In 1983, Spence met and befriended then-23-year-old Thomas Brannon while they were both incarcerated in Florida. Upon their release, the pair travelled together, committing crimes and carrying a baseball bat in the back of their truck in case they ran into trouble. While traveling through Kentucky, presumably in late 1984, Spence grew angry after Brannon made sexual advances at him. In a fit of rage, Spence hit his friend with their baseball bat numerous times, then ran over him with his truck. Then he drove until he ended up in Illinois, where he dumped the body in the rock quarry. After the murder, Spence assumed Brannon's identity, even getting married and having children all under the name Thomas Brannon.
After Spence's confession, Mississippi police searched through John Doe cases, thinking Brannon's body had to have been found. When they saw the profile of Marvin the Mummy and noticed his tattoo, which Spence had described to them, they called detectives in Adams County.
Even though Brannon had been incarcerated in Florida, a clerical error had caused his fingerprints to never be logged in the system. But the prison still had a copy of the fingerprints and sent them to Adams County, who tested them.
They were a match. Thomas Brannon was Marvin the Mummy.
Spence ended up pleading guilty to first degree manslaughter. He was sentenced to 12 years in prison for the murder, as well as eight more for concealing a homicidal death. It's unclear exactly how much time he served, but he was eventually released and continues to have trouble with the law to this day. Brannon's body was never claimed, and he was buried in an unmarked grave.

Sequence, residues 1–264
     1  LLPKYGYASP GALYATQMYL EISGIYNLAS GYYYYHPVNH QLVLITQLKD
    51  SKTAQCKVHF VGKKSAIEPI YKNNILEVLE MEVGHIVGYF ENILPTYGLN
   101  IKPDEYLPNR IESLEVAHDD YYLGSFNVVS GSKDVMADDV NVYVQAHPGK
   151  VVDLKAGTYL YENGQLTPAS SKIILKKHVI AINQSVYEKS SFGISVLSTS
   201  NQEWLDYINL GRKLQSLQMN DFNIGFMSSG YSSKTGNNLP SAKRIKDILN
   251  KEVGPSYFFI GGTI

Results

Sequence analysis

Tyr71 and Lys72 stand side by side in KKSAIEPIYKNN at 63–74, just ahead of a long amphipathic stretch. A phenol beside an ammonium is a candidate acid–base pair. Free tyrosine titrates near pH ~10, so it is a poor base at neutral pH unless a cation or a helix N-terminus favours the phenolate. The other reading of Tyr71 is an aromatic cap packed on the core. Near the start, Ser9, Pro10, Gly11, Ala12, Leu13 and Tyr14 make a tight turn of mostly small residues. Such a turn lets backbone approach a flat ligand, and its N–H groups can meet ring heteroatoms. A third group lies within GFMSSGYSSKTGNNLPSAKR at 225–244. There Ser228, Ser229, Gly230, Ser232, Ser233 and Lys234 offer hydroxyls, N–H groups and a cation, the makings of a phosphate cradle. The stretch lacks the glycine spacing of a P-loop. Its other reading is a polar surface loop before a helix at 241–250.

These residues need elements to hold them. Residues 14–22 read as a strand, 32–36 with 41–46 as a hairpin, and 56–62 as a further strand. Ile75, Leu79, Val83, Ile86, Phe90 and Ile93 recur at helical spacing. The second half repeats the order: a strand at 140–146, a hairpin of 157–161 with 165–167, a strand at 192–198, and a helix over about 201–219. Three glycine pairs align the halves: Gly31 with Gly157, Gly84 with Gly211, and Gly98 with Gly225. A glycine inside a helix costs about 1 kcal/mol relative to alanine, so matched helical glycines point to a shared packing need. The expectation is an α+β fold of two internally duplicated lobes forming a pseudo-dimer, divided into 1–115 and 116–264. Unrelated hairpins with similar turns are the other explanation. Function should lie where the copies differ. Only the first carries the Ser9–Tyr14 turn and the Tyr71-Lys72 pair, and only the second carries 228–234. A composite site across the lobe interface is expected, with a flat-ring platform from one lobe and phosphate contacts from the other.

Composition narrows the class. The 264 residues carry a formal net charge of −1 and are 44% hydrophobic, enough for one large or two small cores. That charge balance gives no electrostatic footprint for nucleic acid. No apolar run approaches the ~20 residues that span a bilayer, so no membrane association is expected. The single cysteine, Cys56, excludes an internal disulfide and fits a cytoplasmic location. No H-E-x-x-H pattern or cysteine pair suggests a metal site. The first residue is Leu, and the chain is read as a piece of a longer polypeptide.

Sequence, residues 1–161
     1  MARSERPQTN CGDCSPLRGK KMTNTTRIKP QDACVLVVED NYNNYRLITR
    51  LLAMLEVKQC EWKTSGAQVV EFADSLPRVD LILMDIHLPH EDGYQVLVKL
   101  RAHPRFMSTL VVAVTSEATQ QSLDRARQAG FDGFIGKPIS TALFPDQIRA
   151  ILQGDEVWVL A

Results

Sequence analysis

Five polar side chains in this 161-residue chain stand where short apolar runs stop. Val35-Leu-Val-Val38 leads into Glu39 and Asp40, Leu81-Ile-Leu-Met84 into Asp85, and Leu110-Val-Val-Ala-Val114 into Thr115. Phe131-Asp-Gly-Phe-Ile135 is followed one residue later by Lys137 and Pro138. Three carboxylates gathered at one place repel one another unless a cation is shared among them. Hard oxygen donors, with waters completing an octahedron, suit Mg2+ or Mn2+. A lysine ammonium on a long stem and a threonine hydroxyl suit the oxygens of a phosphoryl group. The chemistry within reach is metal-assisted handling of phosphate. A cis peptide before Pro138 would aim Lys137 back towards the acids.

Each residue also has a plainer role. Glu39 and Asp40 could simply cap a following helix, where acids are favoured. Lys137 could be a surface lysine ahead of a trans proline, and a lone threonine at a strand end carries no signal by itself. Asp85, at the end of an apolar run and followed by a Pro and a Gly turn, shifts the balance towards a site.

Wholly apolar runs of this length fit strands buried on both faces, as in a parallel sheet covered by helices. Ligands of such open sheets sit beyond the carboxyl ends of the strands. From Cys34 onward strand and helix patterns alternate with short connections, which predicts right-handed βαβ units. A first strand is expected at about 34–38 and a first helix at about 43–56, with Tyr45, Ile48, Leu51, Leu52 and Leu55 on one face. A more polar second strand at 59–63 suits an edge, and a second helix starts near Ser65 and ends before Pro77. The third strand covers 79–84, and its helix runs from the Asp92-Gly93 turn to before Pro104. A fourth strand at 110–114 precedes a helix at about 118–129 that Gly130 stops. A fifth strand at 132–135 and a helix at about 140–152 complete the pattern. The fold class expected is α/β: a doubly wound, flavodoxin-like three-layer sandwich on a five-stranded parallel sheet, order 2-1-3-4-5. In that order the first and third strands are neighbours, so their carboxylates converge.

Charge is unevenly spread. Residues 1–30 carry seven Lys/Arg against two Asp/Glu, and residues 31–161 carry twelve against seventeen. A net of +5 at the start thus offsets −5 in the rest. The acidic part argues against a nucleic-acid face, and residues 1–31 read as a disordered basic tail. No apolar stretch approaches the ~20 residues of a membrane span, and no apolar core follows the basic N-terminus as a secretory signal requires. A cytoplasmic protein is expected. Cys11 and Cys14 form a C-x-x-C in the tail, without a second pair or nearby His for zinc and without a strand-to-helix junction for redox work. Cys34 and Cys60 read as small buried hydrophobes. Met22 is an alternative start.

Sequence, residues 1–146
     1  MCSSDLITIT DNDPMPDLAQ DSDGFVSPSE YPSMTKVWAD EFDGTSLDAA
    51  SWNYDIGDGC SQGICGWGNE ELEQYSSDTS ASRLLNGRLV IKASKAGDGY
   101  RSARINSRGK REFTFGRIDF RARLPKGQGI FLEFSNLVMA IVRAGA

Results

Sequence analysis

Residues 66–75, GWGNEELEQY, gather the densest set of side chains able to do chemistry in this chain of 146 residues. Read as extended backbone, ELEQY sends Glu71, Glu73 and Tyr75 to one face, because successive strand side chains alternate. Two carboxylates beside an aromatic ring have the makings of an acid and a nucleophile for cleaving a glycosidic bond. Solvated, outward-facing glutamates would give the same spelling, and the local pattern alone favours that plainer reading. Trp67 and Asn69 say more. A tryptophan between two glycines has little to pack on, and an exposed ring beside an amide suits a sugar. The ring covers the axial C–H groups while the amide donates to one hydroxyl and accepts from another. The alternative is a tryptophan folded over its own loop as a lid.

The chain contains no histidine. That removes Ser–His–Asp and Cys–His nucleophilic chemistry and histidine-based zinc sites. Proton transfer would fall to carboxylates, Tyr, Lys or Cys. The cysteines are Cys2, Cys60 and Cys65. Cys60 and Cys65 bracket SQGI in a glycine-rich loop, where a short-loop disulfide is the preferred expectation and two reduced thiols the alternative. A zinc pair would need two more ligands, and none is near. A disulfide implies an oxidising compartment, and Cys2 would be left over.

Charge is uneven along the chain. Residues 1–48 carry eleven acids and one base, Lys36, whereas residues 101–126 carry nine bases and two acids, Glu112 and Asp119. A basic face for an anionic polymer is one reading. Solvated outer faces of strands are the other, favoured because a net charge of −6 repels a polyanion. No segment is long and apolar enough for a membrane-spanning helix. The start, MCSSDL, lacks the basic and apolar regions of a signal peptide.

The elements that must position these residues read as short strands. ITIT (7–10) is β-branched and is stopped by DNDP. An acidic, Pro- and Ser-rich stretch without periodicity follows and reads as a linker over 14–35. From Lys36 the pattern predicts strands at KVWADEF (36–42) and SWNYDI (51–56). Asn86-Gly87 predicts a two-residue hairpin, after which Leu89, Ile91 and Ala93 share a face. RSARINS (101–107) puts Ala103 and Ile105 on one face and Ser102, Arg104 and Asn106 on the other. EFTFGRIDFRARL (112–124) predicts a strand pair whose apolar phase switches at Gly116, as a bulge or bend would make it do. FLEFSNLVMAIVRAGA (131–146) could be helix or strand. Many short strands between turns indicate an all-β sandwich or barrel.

4. Pamella Jackson and Cheryl Miller
Anyone who's been through school remembers the excitement of ending another year and preparing for summer vacation. But for the town of Alcester, South Dakota, this celebration in 1971 didn't end the way they expected.
On May 19, 17-year-olds Pamella Jackson and Cheryl Miller were headed to a party to celebrate the end of the school year. Cheryl drove the girls in her grandmother's 1960 Studebaker Lark. The two didn't frequent parties, so when they failed to turn up at the gravel pit where the celebration was being held, their peers assumed they had changed their minds. But the girls' disappearance would linger over the town for 43 years.
In 2007, police thought they finally had their answer. David Lykken was already in prison for rape and kidnapping when his cellmate claimed Lykken had confessed to killing the girls. Lykken was indicted on two counts of felony murder and two counts of murder in relation to their disappearance. But the charges were quickly dropped when his cellmate admitted he'd lied about the confession. Police were back to square one.
But then, in September 2013, a Studebaker Lark emerged in South Dakota's Bruie Creek following a drought. The creek was just next to the gravel pit where the girls had been headed that night in 1971. But even though the area had been searched, the creek had somehow been missed.
The car was pulled up and its contents examined. Sure enough, there were two bodies inside. Due to DNA evidence as well as a purse inside the car containing Cheryl Miller's driver's license, investigators concluded this was indeed the car of the two missing students.
There was no evidence that the girls had been drinking, or of any mechanical errors in the car. Due to the darkness of the area at the time as well as a worn tire on the car, their deaths were ruled an accident. It's presumed the car went off a gravel road and into the creek.